Bethlehem Press

Wednesday, September 18, 2019
PRESS PHOTOS BY JIM MARSH Pennsylvania State Rep. Michael Schlossberg, D-132nd, is the opening speaker at Swain School's Martin Luther King Jr. Day program Jan. 21. PRESS PHOTOS BY JIM MARSH Pennsylvania State Rep. Michael Schlossberg, D-132nd, is the opening speaker at Swain School's Martin Luther King Jr. Day program Jan. 21.
Swain School students participating in the school's observance of Martin Luther King Jr. day are, from left: Mary Dent, of Allentown; Ben Becker, of Center Valley; Guiliana Augiello, of Coopersburg; Michael Schellenberg (behind Augiello), of Allentown; Mary Kenyon, of Allentown; and Alex Becker, of Center Valley. Swain School students participating in the school's observance of Martin Luther King Jr. day are, from left: Mary Dent, of Allentown; Ben Becker, of Center Valley; Guiliana Augiello, of Coopersburg; Michael Schellenberg (behind Augiello), of Allentown; Mary Kenyon, of Allentown; and Alex Becker, of Center Valley.
Dr. Chris Kovats-Bernat, professor of anthropology at Muhlenberg College, tells his audience at Swain School's Martin Luther King Jr. Day observance of his experience in Haiti where 37 distinct racial stereotypes types mark the class social structure there. Dr. Chris Kovats-Bernat, professor of anthropology at Muhlenberg College, tells his audience at Swain School's Martin Luther King Jr. Day observance of his experience in Haiti where 37 distinct racial stereotypes types mark the class social structure there.
Chris Daisley, left, of Lower Macungie Township, father of two Swain School students, chats with speaker Dr. Charles Kovats-Bernat, at the school's Martin Luther King Jr. day observance Jan. 21. Chris Daisley, left, of Lower Macungie Township, father of two Swain School students, chats with speaker Dr. Charles Kovats-Bernat, at the school's Martin Luther King Jr. day observance Jan. 21.
Ethel Dayton-Craig, of Allentown, a Swain School trustee, talks with Bill Wreaks, of Zionsville, also a trustee and a Swain parent, during a breakout session Jan. 21. Ethel Dayton-Craig, of Allentown, a Swain School trustee, talks with Bill Wreaks, of Zionsville, also a trustee and a Swain parent, during a breakout session Jan. 21.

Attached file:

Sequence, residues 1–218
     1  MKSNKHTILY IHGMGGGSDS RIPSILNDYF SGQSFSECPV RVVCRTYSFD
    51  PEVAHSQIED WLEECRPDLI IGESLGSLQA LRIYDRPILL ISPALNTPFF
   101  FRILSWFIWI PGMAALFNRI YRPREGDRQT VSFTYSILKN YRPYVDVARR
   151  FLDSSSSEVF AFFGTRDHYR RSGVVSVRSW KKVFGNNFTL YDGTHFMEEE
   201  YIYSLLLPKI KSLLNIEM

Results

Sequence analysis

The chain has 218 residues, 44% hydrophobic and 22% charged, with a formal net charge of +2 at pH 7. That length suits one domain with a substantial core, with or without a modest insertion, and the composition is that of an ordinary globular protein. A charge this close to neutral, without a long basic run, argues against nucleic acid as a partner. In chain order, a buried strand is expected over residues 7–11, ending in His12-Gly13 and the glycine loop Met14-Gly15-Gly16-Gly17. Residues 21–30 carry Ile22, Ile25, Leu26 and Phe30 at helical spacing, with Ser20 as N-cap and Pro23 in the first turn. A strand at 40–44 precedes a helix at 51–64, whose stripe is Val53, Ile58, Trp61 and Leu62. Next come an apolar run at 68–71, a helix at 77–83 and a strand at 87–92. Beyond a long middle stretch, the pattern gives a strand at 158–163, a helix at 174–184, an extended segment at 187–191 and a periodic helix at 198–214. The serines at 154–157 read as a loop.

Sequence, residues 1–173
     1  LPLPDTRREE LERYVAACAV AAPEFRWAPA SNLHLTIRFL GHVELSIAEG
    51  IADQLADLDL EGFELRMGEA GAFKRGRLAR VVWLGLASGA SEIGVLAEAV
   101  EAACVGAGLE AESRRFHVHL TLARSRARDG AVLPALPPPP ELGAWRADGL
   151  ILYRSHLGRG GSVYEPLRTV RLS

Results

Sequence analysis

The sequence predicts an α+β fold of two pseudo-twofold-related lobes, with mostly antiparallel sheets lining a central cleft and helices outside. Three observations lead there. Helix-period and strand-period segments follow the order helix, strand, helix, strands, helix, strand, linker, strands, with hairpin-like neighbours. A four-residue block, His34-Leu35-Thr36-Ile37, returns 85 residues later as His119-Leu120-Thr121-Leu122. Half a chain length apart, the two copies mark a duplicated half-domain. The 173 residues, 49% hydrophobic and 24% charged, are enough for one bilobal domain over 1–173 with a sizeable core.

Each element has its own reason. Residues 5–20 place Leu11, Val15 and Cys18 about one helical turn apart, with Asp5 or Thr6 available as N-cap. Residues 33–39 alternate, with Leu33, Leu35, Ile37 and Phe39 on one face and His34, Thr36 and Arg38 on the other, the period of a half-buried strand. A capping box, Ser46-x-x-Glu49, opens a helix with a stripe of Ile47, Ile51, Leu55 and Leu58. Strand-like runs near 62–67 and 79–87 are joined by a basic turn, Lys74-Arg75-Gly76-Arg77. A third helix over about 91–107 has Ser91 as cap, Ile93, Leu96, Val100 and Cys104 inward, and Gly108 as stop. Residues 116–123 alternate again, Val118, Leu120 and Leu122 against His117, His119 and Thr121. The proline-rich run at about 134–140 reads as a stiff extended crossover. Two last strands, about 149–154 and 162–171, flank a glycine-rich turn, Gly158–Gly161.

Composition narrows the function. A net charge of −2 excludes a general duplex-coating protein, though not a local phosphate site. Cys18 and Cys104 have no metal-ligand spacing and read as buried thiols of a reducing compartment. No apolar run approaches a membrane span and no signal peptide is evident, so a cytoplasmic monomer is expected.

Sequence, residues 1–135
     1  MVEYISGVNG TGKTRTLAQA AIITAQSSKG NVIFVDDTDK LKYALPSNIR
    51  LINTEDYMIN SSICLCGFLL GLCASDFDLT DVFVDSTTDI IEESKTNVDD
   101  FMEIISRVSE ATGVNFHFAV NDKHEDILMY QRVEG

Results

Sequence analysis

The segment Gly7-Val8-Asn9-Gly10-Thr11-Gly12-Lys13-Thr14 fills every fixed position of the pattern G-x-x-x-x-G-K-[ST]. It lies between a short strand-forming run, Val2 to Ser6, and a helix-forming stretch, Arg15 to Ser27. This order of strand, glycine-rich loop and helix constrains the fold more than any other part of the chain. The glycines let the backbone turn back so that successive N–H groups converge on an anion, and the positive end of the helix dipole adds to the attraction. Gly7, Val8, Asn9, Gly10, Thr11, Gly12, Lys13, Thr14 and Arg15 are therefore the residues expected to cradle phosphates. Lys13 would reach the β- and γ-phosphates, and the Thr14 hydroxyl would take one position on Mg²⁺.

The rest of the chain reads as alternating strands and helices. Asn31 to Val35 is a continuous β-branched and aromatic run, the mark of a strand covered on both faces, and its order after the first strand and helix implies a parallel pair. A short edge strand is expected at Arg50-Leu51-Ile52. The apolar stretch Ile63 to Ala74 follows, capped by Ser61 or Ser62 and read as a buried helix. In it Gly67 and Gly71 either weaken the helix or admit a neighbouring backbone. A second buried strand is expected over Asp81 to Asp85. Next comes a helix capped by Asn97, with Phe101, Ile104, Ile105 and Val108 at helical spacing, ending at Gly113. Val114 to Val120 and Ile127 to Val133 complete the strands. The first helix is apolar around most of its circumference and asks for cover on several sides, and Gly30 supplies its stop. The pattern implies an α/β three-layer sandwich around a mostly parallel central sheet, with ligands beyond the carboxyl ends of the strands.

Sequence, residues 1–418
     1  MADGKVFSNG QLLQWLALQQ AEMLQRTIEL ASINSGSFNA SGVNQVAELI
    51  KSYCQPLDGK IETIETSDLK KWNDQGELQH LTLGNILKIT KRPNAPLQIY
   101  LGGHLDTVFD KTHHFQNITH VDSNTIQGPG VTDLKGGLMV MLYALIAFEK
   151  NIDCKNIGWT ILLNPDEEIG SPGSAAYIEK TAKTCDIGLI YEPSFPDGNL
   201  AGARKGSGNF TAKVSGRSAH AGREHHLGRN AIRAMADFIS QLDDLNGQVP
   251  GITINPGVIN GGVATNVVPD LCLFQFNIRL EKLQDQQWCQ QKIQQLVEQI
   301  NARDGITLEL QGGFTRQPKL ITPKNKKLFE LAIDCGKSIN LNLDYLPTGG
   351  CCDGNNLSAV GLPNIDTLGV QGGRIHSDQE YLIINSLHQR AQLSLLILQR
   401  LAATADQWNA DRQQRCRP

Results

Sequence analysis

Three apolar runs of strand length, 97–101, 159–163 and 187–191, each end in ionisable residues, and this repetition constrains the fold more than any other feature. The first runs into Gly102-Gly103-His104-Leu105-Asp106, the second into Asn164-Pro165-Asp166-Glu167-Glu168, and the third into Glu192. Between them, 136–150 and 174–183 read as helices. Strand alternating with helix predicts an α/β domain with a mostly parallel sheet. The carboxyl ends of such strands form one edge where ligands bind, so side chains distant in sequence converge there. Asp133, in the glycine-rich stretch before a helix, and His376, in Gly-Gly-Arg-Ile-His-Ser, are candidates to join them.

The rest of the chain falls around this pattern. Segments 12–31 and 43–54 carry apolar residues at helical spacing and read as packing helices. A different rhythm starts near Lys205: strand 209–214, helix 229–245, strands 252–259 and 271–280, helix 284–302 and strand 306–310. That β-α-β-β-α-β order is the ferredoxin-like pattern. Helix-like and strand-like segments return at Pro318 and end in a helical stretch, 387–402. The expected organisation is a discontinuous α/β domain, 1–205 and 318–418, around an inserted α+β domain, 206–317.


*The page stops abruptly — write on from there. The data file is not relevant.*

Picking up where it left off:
CONTRIBUTED PHOTO Debra Fraser-Howze, a senior vice president of government and external affairs at OraSure Technologies, Bethlehem, is the featured speaker at Swain School's Martin Luther King Jr. observance Jan. 21. CONTRIBUTED PHOTO Debra Fraser-Howze, a senior vice president of government and external affairs at OraSure Technologies, Bethlehem, is the featured speaker at Swain School's Martin Luther King Jr. observance Jan. 21.

Swain School program commemorates Martin Luther King Jr. Day observance

Thursday, February 14, 2013 by JIM MARSH Special to the Press in School

The Swain School's third annual community commemoration of Martin Luther King Jr. Day was held at the school Jan.21.

The program, "A Tribute to Dr. Martin Luther King, Jr.: A Day of Remembrance, Celebration and Service" was is open to families in the community, and included age-appropriate educational sessions, discussions and musical performances around the theme, "Courageous Conversations."

State Rep. Michael Schlossberg, D-132nd, opened the event, saying any one of us in this room could become great. Any one of us might come the next Martin Luther King Jr. We all have a chance to serve, even if it's just writing to our legislators."

Dr. Chris Kovats-Bernat, professor of anthropology at Muhlenberg College, led a breakout session telling of his experiences as an anthropologist in Haiti. He said racial discrimination is not confined to any one culture.

He described the 37 distinct racial types recognized in Haiti, and how discrimination between those racial types determines the way people live in that country. He said some of the world's most disadvantaged people stuggle for existence in the Haitian culture every day.

Debra Fraser-Howze, senior vice president of government and external affairs at OraSure Technologies, Inc., Bethlehem, traveled back to the Lehigh Valley from Washington, D.C. before the program. She had been in the nation's capital Sunday for pre-inauguration events.

She told the audience of her formative years growing up in New York City. She contrasted the racial environment in that city to the repressive environment when she visited relatives in southern states.

"The things you hear about drinking at different water fountains, sitting at different lunch counters those were real and happened to me," she said. "We can't let our young people forget that these things were real, and not that long ago."